The advent of 3d printing has changed tremendously the way of manufacturing a component. The wide range of materials a printer can accommodate opens up new potential for environmental-friendly furniture and decor. Choosing additive manufacturing over traditional manufacturing proves to be a boon for the mother Earth as it produces much less wastage. In this era of pollution all around, this is a smart choice to make. 3d printing has led to the major transformation in the architectural field. The 3d printed architectural models have redefined the architecture.
Intricate designs depending upon a person’s interest can be designed in design software and scanned for printing purpose and when fed into the machine it gives the customer the designed product. Adding on to this the customer can also choose his own materials for the product.This makes the designer save time in searching for shops which have the product in the design which he thought of.
The technology of 3d printing provides the means to prototype designs that cannot be made through traditional manufacturing, which has opened the door to virtually limitless possibilities for the interior design industry. From light fixtures that take on the appearance of lace to bicycle-gear-shaped chandeliers, lighting designers have embraced 3d printing to create functional art for the home. Smaller decorative furnishings like creative containers, stools, and planters are less expensive, easier to print yourself, and adds visual interest to any interior. The main usage and point of attraction are objects can be produced as a whole or separate parts that make up the whole object to be produced. These separate parts can be joined together to incredible tolerances such that it is difficult to predict whether the whole object is produced from the machine or separate parts are produced and joined.This shows the accuracy of manufacturing components.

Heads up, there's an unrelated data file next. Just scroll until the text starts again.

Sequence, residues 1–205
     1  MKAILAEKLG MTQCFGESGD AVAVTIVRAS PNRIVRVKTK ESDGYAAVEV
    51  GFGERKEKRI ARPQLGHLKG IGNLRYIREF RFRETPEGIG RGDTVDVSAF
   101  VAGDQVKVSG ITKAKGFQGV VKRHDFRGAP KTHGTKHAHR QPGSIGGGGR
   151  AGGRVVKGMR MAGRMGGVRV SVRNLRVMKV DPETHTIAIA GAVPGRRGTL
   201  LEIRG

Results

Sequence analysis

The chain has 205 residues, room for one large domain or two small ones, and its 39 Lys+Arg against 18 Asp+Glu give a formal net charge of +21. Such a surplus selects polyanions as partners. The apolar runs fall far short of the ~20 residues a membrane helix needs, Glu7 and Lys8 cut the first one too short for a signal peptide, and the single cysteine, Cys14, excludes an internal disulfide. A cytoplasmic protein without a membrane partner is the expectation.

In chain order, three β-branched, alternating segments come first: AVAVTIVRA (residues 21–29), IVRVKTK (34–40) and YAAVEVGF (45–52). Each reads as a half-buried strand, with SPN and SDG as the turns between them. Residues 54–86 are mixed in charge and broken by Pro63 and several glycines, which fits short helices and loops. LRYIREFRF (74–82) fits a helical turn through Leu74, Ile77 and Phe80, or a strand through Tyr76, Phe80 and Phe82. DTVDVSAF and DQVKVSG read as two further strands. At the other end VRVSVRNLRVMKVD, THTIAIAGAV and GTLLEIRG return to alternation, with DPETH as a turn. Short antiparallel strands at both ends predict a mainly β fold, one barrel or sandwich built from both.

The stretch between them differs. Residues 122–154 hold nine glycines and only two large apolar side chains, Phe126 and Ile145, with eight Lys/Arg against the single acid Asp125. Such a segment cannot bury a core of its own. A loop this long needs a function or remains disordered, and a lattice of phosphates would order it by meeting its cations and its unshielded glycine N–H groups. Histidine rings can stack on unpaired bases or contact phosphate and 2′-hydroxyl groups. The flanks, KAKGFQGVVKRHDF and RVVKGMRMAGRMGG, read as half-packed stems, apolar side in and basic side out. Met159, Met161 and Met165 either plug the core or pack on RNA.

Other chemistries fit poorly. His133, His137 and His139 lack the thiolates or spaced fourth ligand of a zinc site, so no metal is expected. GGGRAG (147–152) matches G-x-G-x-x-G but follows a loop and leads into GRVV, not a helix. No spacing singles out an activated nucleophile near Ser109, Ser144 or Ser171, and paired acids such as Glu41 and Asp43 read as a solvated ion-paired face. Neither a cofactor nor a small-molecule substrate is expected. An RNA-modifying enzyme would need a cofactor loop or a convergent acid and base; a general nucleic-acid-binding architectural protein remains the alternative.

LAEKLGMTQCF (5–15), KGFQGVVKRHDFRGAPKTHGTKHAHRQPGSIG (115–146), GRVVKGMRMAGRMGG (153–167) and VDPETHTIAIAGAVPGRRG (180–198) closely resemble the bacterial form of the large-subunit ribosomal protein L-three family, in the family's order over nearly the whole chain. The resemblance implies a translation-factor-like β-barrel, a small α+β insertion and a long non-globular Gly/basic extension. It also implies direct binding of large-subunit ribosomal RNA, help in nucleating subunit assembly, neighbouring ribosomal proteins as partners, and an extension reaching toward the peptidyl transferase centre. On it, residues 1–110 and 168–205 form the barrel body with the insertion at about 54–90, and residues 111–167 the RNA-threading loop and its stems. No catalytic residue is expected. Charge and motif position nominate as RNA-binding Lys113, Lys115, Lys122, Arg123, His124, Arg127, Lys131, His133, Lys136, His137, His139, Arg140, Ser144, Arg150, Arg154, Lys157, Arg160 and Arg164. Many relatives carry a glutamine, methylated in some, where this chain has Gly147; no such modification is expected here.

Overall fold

The best 3d Printed Architectural Models
3d printed concrete castle
The first example of the best 3d printed architectural models is the 3d printed concrete castle made by a Minnesota based engineer named Andrey Rudenko. He with his two years of research and hard work in the field of technology came up with the idea and processing of a 3d printed concrete castle which is life-sized and capable of habitation. The walls of the small fortress, as well as three tops of the towers, have been fabricated separately and finally assembled into a single unit of free-standing structure. Looking at the castle no one can even doubt it not being a single unit that is the level of accuracy additive method of manufacturing has gained over the years. Not just this, time is consumed on a large scale.
3d printed hotel suite
The second example of the best 3d printed architectural models is the 3d printed hotel suite. A Grand suite hotel at the Philippines was built just in 5 days using 3d printing. Hotel owner Lewis Yakich has unveiled the world’s first 3d printed hotel suite—and it even comes with a spacious 3d-printed concrete jacuzzi. The 130-square-meter (1,500 square feet) structure was built for The Lewis Grand hotel in Angeles, Philippines, and took approximately 100 hours of print time to complete.
Yakich collaborated with Andrey Rudenko (the Minnesotan inventor of a 3d concrete printer and builder of the world’s first 3d printed concrete castle).
Their collaboration helped them to:
- Prepare and ship the 3d printer components over from Minnesota to the Philippines
- Assemble the machine
- Create the right concrete mix from local materials, including sand and volcanic ash.
The recently completed two-bedroom villa measures 10.5 meters by 12.5 meters and includes a living room and a jacuzzi room. Plumbing, wiring, and rebars are also installed in the structure
Sounds Impossible? Well, that is the true essence of this method, making impossible things possible.